Friday, 21 November 2014

1993 - Second Heritage Series - Emerging Years 1930s



The 1930s.
        In stark contrast to the previous carefree decade, the 1930s brought hardship and strife to most New Zealanders. By the end of 1931 the country was firmly in the grip of a worldwide economic depression. It was not until Labour's landslide election victory in 1935 that the tide turned. Little did New Zealanders know that their bright new vision of the future would last just four years before they were plunged into the bloodiest World War in history. 

        I did not experience the Great Depression myself but I've heard a lot about it from my parents and uncles, aunties etc. There are the funny stories about the guy who used waste solvent from a printing factory to run his car. Bright coloured smoke coming out the back. Or the stories of rationing, swapping food and vegetables, no work and long dole lines of men waiting for work. Both my grand-fathers worked more than one job.  

         Many people got over it as times got better but equally many never did. They always saved everything, ready for when times get hard. Never wanting to borrow money or get into debt. Always ensuring debt is repaid, right down to the last penny. These are habits from the tough times of the 1930s, The Great Depression.   

                    
45c - Buttons and Bows.                               50c - The Great Depression.

Buttons and Bows - 45c
The boyish figure popularised by the 20s flapper vanished completely in the 1930s to be replaced by a far more feminine style of dress. Those who could afford the fashions of the era dressed in frills, flounces, florals and wide brimmed hats. Labour was plentiful and cheap so manufacturers added detailed handwork to garments and accessories. Long and elaborately curled hairstyles were once again the fashionable look.

The Great Depression - 80c
The Great Depression hit those who were already poor the hardest. Many of the unemployed men were sent to government relief camps far away from their families. There they lived in appalling conditions carrying out hard manual labour for a pitiful few shillings a week. Many works around Auckland, such as the scenic drive through the Waitakere Ranges, was done at this time to keep men employed.

Relief stations in the cities doled out meagre food parcels to those who could prove they were on the brink of starvation. Hunger turned to rage and in Auckland, Wellington and Dunedin unemployed workers rioted in rebellion against the wretched times and the government.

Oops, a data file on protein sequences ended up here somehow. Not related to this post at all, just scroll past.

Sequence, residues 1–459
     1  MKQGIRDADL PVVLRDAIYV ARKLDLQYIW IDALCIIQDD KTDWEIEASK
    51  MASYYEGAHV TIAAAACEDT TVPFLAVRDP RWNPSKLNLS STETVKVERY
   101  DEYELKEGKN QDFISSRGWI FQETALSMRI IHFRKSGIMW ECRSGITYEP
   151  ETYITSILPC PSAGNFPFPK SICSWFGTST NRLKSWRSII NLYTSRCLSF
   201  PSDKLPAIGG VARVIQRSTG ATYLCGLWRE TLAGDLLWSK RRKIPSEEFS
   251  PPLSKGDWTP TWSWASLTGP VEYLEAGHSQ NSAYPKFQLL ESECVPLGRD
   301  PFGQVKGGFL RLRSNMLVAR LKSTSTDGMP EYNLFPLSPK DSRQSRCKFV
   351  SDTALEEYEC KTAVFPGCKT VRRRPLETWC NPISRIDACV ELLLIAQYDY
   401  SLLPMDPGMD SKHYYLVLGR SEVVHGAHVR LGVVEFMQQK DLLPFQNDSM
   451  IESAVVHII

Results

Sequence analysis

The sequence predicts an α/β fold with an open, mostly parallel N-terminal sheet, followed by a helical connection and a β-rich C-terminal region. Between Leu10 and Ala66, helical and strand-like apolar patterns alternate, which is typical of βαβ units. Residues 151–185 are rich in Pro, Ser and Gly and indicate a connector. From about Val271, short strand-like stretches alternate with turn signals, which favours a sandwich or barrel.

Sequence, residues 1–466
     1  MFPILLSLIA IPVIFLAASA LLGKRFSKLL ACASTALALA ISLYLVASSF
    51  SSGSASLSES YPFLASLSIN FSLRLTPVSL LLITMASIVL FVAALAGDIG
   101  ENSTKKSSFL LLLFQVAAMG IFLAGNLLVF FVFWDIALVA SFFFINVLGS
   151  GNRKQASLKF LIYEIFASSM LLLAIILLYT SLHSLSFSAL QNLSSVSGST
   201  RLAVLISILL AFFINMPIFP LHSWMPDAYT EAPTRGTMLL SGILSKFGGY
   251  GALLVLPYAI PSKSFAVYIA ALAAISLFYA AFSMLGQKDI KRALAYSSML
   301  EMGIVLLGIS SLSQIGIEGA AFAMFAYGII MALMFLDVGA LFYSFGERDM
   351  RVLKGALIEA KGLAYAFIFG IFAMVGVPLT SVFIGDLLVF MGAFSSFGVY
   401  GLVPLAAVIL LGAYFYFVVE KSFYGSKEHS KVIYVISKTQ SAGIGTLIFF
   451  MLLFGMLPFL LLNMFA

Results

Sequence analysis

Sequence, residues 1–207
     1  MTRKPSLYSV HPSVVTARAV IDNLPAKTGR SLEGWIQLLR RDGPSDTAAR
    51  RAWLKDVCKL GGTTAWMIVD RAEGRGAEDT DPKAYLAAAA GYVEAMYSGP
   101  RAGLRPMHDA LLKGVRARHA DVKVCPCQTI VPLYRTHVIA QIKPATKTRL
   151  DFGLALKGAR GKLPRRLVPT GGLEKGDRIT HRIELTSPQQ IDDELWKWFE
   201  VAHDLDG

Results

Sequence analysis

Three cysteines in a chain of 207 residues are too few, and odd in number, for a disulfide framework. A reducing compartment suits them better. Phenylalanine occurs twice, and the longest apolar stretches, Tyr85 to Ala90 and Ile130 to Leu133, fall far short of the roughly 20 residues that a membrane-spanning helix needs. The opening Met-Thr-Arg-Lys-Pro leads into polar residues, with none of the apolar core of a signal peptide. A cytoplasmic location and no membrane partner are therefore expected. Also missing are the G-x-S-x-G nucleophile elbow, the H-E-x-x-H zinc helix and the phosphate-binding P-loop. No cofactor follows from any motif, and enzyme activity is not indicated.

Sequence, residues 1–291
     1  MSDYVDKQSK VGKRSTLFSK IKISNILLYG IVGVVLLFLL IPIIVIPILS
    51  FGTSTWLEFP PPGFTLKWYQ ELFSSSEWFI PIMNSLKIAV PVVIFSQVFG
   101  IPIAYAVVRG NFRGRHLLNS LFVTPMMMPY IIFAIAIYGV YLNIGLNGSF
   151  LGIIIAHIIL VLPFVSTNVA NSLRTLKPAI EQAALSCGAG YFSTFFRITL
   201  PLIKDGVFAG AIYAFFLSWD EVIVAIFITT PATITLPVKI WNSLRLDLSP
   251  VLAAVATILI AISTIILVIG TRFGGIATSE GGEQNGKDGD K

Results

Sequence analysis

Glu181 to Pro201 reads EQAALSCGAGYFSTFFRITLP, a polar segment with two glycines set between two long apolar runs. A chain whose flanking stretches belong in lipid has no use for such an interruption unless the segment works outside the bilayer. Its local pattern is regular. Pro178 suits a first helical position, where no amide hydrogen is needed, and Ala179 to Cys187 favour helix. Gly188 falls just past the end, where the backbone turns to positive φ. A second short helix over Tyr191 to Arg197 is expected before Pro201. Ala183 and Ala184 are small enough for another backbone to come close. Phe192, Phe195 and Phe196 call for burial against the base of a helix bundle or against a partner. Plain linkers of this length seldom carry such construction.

90c - Phar Lap.                                          $1.00 - State Housing.

Phar Lap - 90c
Phar Lap, nick-named 'Big Red', was arguably the greatest horse this country has ever produced. At a massive 17.1 hands, he was also one of the largest thoroughbreds on record. He began his legendary career in the early 30s. As a four year old he won the Melbourne Cup and went on to accumulate a tremendous 70,121 Pounds Sterling in race earnings. Carrying 39 pounds more than the lowest weighted horse he streaked to victory in the rich Agua Caliente Handicap in Mexico. Less than three weeks later he died suddenly and tragically of an unknown illness.

State Housing - $1.00
It was not until the Labour Government swept to power in 1935 that the chronic state of the country's housing problems became apparent. The government immediately set out to overcome the shortage, putting the fiery John A Lee in charge of implementing its ambitious policy. The first state house was occupied in 1937 by the McGregor family of Miramar, Wellington. By the end of 1939 the government was providing 5,000 new state houses a year.


                    
$1.50 - Free Milk for School Children. 
$1.80 - The Talkies.

Free Milk for Schools - $1.50
Free milk for school children was first suggested during the Depression when thousands of New Zealand children lived on the borderline of malnutrition and dairy farmers had a huge milk surplus. But it was not until 1935 when Labour swept to power that the milk scheme was introduced and children received a free half pint bottle at each morning break.
Even when I was going to school in the late 50s and early 60s, the school still received a delivery of milk each day which had to be drank before we could go out and play.

The Talkies - $1.80
The golden age of cinema began in New Zealand on 18 April 1929 when the first part-talking feature played to packed audiences at both the Regent and Strand theatres in Auckland. Throughout the 30s the 'talkies' increased in popularity. Many of the country's picture theatres, built during the vaudeville era, were modernised in the art deco style. Their empty orchestra pits were covered over or filled with greenery. 
 

 First Day Cover.
The First Day Cover design for this issue showed a family standing looking at 'modern' transport of a passenger ship, a flying boat (such as the national airline once used) and a road vehicle. A special postal cancellation was designed as well.
First Day Cover - 17 February 1993

Technical information

            Date of issue: 17 February 1993
            Designer: Ross Jones, Wellington, NZ
            Printer:Leigh-Mardon, Australia
            Stamp size: 28mm x 40mm
            Sheet size:100 stamps per sheet
            Process: Lithography
            Perforation gauge:    14.25 x 14
            Paper type: Peterborough Paper Convertors, red phosphor coated, unwatermarked
            Period of sale: These stamps remained on sale until 17 February 1993.





Some of the images in this post were used with permission from the illustrated catalogue of StampsNZ
You can visit their web site and On-line Catalogue at, http://stampsnz.com/

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